The following article documents a very personal way of approaching diabetes. Always check with a healthcare professional before changing your diet or your diabetes care regimen.
I first learned about the raw food diet from an American-born, Islam-converted man who was working in Morocco. We were sitting around the table of a learning center he ran in Marrakesh. Upon seeing me check my blood sugar, he recommended a documentary that followed the effects a raw food diet had on seven people with diabetes. He was neither pressuring nor assuming, but offered the information just as all ways of being and belief systems should be offered, in a soft-spoken voice.
I left the blazing heat of Marrakesh and spent the rest of the month traveling throughout western Africa, eating copious amounts of the heavy carbs and highly sugared tea that saturate the local diet. The raw food concept intrigued me, though, and upon returning to the United States that summer I embarked on a five-week “cleanse.”
The theory behind raw foods, at its core, is a simple one. Humans are the only creatures on earth to cook their food. It is a practice, argue raw foodists, that is unnecessary and lowers the level of nutrients and minerals in our diet. We are, like the world around us, made up of between 70 and 90 percent water, depending on our age. By allowing the natural water in our food to remain until it is absorbed by our digestive system, we give ourselves higher levels of energy and increased health.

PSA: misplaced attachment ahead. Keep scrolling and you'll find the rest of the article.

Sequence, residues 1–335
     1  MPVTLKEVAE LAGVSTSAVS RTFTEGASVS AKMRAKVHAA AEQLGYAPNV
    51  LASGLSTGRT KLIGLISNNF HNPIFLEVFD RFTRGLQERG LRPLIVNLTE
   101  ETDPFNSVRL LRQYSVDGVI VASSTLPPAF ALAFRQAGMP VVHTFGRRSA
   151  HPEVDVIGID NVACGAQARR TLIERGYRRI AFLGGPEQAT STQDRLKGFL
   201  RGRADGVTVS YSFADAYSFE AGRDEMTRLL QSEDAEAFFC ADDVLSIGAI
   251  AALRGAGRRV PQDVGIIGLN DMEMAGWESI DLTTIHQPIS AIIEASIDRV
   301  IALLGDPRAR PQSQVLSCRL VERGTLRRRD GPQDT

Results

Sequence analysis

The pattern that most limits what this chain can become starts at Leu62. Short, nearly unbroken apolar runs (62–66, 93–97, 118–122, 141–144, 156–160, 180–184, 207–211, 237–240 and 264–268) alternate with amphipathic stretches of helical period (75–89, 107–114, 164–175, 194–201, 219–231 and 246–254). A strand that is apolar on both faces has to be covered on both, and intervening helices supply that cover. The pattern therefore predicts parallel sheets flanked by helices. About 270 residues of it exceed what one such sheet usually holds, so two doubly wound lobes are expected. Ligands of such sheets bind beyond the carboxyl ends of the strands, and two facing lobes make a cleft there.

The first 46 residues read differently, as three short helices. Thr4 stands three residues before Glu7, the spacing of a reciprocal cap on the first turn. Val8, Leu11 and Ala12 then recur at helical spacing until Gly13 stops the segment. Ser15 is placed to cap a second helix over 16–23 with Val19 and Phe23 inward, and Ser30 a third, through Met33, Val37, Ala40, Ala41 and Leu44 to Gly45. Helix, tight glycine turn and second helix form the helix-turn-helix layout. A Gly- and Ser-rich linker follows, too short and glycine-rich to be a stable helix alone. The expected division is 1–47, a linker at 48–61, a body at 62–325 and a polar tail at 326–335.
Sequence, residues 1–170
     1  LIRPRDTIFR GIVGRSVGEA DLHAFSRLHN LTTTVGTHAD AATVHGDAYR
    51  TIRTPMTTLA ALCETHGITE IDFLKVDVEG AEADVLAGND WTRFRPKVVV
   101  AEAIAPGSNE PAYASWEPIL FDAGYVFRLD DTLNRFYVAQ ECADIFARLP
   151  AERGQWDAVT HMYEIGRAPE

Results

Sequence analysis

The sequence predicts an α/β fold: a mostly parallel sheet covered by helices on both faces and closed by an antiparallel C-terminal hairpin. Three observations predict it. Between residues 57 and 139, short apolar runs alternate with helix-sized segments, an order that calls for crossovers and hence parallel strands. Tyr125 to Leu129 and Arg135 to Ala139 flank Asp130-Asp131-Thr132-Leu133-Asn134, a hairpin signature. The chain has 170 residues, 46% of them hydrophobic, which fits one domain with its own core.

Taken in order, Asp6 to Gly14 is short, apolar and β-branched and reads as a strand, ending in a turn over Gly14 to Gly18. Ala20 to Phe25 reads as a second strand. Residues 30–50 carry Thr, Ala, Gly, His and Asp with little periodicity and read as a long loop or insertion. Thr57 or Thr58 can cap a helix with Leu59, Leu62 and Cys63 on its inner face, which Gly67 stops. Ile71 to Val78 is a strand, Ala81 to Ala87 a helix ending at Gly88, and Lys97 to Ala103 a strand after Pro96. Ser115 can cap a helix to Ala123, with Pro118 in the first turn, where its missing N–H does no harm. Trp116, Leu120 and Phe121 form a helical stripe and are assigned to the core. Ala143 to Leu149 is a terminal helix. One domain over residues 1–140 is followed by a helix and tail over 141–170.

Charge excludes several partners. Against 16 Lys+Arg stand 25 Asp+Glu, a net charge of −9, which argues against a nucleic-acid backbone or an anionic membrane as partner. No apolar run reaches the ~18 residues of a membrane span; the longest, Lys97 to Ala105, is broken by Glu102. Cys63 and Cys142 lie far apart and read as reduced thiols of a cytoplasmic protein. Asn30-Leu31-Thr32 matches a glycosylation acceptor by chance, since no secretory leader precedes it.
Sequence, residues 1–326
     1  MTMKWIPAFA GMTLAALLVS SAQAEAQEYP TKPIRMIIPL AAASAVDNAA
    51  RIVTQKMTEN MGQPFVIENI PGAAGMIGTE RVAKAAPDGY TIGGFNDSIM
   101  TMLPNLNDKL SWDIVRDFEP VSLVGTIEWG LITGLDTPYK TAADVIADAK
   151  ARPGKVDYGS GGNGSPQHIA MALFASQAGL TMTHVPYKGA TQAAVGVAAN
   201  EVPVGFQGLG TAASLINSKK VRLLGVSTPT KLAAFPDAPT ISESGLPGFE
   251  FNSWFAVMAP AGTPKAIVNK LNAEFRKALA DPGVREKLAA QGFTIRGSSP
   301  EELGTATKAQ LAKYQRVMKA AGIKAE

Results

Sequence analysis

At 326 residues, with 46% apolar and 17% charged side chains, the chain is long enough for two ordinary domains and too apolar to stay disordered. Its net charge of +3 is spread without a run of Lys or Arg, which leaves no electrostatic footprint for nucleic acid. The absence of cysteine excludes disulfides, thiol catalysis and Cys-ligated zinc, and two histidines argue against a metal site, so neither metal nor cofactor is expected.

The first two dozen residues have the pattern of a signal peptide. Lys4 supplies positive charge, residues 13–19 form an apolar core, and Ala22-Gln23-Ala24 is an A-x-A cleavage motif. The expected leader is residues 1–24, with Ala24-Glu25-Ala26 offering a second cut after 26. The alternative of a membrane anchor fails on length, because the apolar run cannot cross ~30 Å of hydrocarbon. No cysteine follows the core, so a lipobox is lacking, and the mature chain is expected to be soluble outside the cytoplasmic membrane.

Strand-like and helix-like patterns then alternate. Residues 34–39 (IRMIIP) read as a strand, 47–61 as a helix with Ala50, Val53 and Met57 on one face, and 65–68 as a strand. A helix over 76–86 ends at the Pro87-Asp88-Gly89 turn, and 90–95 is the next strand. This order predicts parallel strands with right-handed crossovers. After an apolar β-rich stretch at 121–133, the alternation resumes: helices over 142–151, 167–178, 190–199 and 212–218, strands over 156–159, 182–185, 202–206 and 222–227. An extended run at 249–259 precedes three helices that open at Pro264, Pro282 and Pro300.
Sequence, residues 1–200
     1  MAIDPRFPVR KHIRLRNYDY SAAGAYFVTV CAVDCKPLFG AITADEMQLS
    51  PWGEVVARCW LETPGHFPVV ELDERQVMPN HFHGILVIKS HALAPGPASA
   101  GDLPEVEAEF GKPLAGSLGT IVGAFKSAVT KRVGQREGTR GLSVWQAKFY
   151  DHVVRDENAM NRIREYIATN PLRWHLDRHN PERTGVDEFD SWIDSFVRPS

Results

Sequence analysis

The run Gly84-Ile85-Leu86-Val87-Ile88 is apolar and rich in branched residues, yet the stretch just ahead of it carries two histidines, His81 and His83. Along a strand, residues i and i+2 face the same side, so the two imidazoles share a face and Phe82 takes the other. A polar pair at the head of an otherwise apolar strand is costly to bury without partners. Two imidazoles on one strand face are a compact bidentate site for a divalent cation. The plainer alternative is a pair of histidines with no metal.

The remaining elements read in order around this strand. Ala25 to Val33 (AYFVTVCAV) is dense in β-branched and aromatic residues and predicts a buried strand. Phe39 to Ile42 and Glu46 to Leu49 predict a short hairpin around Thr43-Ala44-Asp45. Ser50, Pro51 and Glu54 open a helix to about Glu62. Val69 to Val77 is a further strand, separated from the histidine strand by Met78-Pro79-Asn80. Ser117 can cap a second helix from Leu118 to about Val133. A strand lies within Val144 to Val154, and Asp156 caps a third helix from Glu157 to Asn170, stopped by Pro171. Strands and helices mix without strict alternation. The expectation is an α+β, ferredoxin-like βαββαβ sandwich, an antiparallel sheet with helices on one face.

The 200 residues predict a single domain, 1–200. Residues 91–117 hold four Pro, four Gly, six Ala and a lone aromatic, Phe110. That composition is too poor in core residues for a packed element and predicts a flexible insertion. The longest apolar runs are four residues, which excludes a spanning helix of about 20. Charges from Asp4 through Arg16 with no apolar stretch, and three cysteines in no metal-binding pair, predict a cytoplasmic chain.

The body, as a system, is constantly trying to heal and sustain itself. Wounds scab over, and cells reproduce. An argument put forth in alternative annals says that by injecting insulin without addressing the issues that could be causing the body to attack itself, we are only perpetuating damage over the long run. High levels of injected (artificial) insulin create a kind of “heat” in the body, a friction from the constant battle between high levels of sugar and insulin that is not being naturally produced by the body. This friction can lead to the long-term consequences of diabetes-organ dysfunction, blindness, and loss of feeling in limbs, to name a few. By cleansing the body of toxins through the wholeness and naturalness of raw foods, this friction is reduced, which can have dramatic effects on the ability to control blood sugar.
I am not a die-hard raw foodist, and nor am I so dedicated to alternative medicine that I view all Western medicine as harmful and “wrong.” I believe that every person’s body needs a combination or mixture of all different forms of healing to keep it in the most harmonic, balanced state.
Western medicine claims that there is, as yet, no cure for type 1 diabetes. So why not look beyond that one source of medical commentary and see what other, ancient forms have to say? Ancient wisdom has said in various ways that no illness is created without a cure and that the ability to heal lies within all of us.
In my personal journey, I have explored many different forms of healing, ranging from acupuncture and Chinese herbs to hypnosis, breath-work, kinesiology, meditation, animal and flower essences, therapy, reiki, supplemental pills, and raw food diets. My connection to my disease has led me to deeply spiritual places, places that allow me to examine the origins of dis-ease and its purpose in my life.